4. Five recent alums have received prestigious Fulbright awards, allowing them to pursue research and educational opportunities or teach English abroad. This year’s recipients will travel to South Korea, Belgium, Brazil and Montenegro. There’s a brief look at each of this year’s five Fulbright fellows over on UCF Today.

5. With hurricane season just up on the horizon, a team of UCF researchers will brief emergency responders from across the state about their work looking at the impact of recent hurricanes. At the annual Governor’s Hurricane Conference, hundreds of emergency management personnel, first responders and planners from across Florida gather together. Learn more about the conference and those representing UCF at it.

Five Things Alumni Need to Know this Week – May 13, 2019

1. There are 108 days left until the next season of UCF football. The hype is real and the momentum is building and we have less than 1,000 season tickets remaining. Get your head in the game now and ensure you don’t miss a single phenomenal moment in Spectrum Stadium this year.

2. Our women’s golf team is heading to the NCAA National Championships on Wednesday morning. The Knights crushed it at the NCAA Elum Regional in Washington on May 8, racking up a combined score of 874. “The grit our team showed on that back 9 today was unbelievable. We kept telling them all week to believe, just believe,” UCF head coach Emily Marron says.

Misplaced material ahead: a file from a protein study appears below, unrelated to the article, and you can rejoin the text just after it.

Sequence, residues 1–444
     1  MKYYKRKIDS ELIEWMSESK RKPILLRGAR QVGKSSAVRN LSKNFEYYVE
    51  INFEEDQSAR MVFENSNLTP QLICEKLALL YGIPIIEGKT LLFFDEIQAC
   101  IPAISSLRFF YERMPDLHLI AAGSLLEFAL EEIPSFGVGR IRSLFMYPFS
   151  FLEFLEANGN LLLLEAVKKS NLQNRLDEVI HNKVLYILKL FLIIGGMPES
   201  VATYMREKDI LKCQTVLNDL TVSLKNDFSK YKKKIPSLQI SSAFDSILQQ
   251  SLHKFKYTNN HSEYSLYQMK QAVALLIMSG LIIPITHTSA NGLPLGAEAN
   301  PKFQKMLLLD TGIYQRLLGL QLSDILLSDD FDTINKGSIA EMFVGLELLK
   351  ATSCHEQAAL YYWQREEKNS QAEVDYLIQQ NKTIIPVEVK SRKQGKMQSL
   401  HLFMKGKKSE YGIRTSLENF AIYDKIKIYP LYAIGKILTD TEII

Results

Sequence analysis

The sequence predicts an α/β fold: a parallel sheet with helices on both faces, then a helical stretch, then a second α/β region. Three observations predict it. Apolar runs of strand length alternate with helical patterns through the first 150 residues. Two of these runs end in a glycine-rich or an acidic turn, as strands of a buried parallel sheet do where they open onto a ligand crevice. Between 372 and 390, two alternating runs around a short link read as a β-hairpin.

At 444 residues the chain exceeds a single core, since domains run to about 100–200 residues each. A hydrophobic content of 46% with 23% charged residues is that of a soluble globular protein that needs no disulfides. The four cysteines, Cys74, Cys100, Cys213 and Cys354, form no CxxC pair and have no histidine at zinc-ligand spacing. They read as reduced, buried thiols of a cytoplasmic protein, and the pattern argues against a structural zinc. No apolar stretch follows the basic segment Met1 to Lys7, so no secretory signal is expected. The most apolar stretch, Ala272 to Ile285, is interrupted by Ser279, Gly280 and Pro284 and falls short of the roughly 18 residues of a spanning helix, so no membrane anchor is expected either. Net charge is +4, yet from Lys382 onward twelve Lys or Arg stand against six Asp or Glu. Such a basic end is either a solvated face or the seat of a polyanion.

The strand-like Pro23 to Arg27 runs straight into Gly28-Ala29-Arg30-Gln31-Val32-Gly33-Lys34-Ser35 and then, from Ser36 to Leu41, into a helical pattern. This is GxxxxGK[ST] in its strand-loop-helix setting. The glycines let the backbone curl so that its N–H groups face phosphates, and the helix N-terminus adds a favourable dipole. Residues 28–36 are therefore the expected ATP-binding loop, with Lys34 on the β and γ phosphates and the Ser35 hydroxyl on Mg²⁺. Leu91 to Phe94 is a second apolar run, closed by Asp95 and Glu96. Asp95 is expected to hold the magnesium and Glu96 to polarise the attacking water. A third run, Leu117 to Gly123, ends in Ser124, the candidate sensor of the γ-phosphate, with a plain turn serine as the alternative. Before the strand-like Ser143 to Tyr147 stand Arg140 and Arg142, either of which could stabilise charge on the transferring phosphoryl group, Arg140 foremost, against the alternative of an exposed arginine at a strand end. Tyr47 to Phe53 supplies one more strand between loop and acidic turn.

3. “Many kids say they want to work with animals when they grow up. But only a small number of them are willing to scrub poop out of animal enclosures to reach that dream. Katelyn O’Rourke ’14 was among those willing to do anything. Now the psychology alumna’s hard work is paying off with a career that includes hosting an animal-actor show at Universal Orlando and visiting commercial and movie sets. ‘I pushed myself to get where I am,’ O’Rourke says. ‘It’s a hard business to get into, but you can do it if you’re willing to work hard.’” Read more here.